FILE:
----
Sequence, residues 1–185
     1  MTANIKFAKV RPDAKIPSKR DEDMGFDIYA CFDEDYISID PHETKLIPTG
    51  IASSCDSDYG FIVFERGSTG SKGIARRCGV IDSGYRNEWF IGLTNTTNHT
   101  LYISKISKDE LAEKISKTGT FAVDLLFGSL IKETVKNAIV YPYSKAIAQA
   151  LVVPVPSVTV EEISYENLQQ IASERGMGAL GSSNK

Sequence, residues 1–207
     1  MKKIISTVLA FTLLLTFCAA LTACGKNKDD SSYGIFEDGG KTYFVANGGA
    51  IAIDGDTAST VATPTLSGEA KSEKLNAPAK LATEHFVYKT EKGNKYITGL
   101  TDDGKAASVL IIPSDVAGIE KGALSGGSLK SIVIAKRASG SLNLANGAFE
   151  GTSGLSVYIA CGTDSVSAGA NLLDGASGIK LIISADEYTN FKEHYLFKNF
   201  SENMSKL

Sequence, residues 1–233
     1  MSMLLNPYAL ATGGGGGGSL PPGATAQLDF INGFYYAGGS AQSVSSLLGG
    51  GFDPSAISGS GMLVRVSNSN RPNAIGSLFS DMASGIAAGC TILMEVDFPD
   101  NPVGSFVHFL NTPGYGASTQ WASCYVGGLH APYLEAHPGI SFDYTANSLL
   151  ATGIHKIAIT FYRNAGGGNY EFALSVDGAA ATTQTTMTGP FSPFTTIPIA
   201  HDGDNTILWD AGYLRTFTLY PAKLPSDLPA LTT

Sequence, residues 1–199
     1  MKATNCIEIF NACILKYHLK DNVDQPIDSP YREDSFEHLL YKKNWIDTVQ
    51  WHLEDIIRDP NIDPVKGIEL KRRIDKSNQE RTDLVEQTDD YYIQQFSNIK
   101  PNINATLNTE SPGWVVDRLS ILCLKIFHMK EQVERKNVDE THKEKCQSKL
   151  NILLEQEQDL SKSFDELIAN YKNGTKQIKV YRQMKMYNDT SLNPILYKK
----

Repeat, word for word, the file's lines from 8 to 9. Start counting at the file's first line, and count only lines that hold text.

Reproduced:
    51  IAIDGDTAST VATPTLSGEA KSEKLNAPAK LATEHFVYKT EKGNKYITGL
   101  TDDGKAASVL IIPSDVAGIE KGALSGGSLK SIVIAKRASG SLNLANGAFE